The second cluster of observations concerns the split between those of left liberal persuasion who reside in America and those living abroad, especially in the Euro-Mediterranean region. Those outside, whether American citizens or not, think of what these bitter rivals are likely to do once ensconced in the White House, and it makes them fearful. Typical is the view of Slavoj Žižek, the celebrity Slovenian public intellectual: he believes that Trump is ‘apparently less dangerous’ than Clinton, a view overwhelmingly held among Russian elites, and not just Putin. In complementary fashion Julian Assange insists, with the weight of Wikileaks on his shoulders, that the American political class will not allow Trump to win. Such opinions are also shared by many expatriates (as well as in country America First isolationists who are all in for Trump) who consider Clinton fully committed to continuing the American global domination project, no matter its costs, with twin ominous dangers of raising tensions with both Russia and China.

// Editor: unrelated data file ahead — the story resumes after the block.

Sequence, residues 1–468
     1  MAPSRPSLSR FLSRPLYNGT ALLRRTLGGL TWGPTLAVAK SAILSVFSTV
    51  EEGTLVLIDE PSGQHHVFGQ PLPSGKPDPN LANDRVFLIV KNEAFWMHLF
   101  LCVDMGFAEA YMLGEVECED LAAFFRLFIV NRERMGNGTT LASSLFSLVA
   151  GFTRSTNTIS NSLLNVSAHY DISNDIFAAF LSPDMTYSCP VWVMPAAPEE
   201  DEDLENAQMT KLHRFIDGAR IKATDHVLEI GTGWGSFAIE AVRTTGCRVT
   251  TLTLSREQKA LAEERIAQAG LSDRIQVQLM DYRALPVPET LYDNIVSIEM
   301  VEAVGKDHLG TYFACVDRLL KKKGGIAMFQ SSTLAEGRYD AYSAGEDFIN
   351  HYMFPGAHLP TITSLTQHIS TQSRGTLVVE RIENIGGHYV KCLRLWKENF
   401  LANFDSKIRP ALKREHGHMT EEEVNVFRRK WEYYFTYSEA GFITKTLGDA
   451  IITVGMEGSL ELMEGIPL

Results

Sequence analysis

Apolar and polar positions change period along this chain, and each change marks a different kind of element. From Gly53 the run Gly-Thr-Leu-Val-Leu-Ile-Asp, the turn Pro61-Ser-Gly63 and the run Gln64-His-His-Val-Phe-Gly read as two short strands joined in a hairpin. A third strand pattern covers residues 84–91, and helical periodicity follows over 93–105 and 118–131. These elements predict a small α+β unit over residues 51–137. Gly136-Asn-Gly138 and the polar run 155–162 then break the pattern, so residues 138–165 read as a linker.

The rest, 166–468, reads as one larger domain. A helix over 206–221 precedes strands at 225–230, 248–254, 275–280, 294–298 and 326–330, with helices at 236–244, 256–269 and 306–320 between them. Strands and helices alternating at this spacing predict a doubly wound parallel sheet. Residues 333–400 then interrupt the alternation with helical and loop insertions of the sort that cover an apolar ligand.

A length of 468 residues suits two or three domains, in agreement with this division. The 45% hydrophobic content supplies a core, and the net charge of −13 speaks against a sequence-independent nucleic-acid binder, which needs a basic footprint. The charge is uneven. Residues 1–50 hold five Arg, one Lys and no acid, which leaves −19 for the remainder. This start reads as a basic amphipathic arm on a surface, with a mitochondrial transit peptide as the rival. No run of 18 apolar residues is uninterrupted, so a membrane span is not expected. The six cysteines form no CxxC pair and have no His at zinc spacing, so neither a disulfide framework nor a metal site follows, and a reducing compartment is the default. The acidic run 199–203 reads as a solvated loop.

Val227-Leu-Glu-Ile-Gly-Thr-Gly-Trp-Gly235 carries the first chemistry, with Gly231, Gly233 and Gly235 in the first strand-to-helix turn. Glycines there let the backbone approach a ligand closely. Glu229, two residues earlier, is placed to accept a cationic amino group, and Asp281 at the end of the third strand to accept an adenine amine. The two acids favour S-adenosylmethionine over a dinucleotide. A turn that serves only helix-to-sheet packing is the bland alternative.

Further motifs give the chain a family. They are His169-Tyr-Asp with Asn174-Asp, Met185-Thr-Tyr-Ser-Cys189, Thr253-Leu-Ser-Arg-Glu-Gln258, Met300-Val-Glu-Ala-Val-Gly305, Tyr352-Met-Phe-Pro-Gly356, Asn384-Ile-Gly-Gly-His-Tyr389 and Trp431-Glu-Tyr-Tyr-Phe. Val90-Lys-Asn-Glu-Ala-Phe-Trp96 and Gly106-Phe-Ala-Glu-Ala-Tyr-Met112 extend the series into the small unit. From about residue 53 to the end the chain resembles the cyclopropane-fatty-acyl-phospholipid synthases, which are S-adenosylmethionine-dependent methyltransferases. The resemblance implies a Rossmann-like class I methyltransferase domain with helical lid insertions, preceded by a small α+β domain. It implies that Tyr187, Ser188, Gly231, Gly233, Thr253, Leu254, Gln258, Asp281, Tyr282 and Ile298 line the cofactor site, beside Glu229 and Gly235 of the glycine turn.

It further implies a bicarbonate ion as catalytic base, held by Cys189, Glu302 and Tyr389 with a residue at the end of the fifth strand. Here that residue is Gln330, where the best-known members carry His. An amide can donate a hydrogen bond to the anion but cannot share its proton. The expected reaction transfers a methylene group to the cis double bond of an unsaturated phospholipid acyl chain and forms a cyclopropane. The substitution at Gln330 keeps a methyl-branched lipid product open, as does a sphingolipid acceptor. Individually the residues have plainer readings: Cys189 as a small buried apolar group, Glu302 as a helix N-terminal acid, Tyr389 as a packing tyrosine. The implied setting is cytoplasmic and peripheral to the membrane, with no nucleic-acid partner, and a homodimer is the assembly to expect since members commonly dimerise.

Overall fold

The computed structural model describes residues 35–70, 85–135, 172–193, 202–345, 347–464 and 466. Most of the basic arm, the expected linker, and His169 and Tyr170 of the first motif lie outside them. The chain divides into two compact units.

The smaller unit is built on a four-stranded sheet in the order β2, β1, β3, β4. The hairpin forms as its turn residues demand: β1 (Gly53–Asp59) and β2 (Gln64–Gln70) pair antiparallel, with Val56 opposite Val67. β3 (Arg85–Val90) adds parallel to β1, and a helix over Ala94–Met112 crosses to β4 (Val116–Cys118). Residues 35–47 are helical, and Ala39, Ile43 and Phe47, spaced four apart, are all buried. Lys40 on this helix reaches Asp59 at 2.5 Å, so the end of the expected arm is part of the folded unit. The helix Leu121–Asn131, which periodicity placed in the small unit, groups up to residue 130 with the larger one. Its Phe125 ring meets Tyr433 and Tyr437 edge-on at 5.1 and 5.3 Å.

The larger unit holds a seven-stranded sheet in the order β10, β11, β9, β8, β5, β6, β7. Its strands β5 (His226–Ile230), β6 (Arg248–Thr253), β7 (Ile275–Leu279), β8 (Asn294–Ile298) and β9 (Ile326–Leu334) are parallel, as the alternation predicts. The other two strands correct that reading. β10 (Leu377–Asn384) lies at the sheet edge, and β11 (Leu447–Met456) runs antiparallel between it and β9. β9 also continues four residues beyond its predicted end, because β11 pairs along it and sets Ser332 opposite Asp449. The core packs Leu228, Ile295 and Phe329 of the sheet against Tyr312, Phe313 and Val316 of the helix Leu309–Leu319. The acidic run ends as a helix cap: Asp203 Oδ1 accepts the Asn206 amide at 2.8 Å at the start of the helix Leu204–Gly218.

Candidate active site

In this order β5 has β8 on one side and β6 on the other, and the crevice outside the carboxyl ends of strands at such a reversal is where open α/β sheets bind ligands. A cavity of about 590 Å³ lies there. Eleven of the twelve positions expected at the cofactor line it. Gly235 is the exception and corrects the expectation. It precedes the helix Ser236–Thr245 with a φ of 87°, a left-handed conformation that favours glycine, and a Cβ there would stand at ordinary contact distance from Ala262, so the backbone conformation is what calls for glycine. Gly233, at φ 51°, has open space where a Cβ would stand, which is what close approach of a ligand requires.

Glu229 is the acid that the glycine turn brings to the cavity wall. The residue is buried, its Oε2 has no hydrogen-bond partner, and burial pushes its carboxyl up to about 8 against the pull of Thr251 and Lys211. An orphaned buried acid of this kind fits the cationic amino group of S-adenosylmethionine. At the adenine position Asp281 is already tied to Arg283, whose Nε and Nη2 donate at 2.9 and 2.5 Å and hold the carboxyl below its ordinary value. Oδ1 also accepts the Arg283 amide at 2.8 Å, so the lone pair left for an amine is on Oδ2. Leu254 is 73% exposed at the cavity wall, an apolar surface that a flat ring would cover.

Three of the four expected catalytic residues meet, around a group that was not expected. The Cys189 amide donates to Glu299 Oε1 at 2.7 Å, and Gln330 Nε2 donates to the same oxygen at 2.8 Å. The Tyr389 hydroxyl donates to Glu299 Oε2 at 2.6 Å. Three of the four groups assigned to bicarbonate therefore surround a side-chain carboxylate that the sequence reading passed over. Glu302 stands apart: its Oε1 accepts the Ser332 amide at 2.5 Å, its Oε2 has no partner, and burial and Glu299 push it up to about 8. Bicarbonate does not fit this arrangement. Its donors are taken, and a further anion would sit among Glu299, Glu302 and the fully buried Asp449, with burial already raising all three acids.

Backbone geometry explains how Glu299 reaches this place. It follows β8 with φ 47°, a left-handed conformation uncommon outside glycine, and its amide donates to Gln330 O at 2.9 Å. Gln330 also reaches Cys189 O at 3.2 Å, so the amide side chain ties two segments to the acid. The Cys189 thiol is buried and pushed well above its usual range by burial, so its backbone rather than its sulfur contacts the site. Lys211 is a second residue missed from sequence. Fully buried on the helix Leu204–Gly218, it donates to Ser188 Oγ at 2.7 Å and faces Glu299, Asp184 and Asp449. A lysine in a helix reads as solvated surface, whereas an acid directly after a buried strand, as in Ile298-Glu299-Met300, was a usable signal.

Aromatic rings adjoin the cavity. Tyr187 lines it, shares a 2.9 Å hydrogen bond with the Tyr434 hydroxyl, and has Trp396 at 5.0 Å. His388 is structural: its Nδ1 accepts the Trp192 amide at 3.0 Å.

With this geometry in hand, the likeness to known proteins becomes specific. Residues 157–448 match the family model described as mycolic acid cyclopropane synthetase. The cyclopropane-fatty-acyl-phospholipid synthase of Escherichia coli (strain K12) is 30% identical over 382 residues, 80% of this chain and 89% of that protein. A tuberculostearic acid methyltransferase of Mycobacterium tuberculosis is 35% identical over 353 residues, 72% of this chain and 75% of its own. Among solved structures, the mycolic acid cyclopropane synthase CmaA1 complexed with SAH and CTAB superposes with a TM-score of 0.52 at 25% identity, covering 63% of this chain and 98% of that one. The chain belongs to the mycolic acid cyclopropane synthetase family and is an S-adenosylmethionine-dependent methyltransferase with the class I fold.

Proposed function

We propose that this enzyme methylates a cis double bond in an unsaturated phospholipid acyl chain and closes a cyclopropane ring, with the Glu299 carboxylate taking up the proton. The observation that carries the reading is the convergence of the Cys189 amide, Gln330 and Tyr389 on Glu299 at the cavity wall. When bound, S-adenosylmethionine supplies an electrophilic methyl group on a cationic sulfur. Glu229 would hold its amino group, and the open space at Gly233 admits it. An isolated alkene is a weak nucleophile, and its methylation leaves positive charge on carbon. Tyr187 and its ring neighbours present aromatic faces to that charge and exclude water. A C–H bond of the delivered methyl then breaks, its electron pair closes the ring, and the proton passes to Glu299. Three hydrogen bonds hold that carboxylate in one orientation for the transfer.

Those of us on the left who live mainly in the United States see the risks and dangers differently. We are more inclined to repudiate unconditionally anyone with Trump’s unsavory views on nuclear weapons, race, women, Muslims, immigrants, climate change, guns, and torture without bothering to look further. And if this is not enough, then Trump’s commitment to appoint justices to the US Supreme Court who embrace a jurisprudence that resembles the approach of the recently deceased arch conservative, Anthony Scalia, lower taxes on the super-rich, and is cavalier about the menaces posed by nuclear weaponry and global warming, is more than enough to turn many, including most disappointed Sanders’ enthusiasts, into reluctant Clinton supporters. Additionally, those with Wall Street portfolios also have reasonable fears that Trump’s rejection of trade agreements and commitments to scrap existing arrangements and negotiate better deals with China and others, as well as make countries being defended by American military power pay their fair share will lead to an unraveling of the world economy, collapsing stock markets, and a return of protectionist policies leading to a new economic downturn reviving grim memories of ‘beggar thy neighbor’ trade wars and the Great Depression of the 1930s, which also operated as one incubator of the rise of fascism. Trumpism might also destabilize security arrangements to such an extent that several states will go all out to acquire their own stockpile of nuclear weapons, and a series of regional nuclear arms races ensue.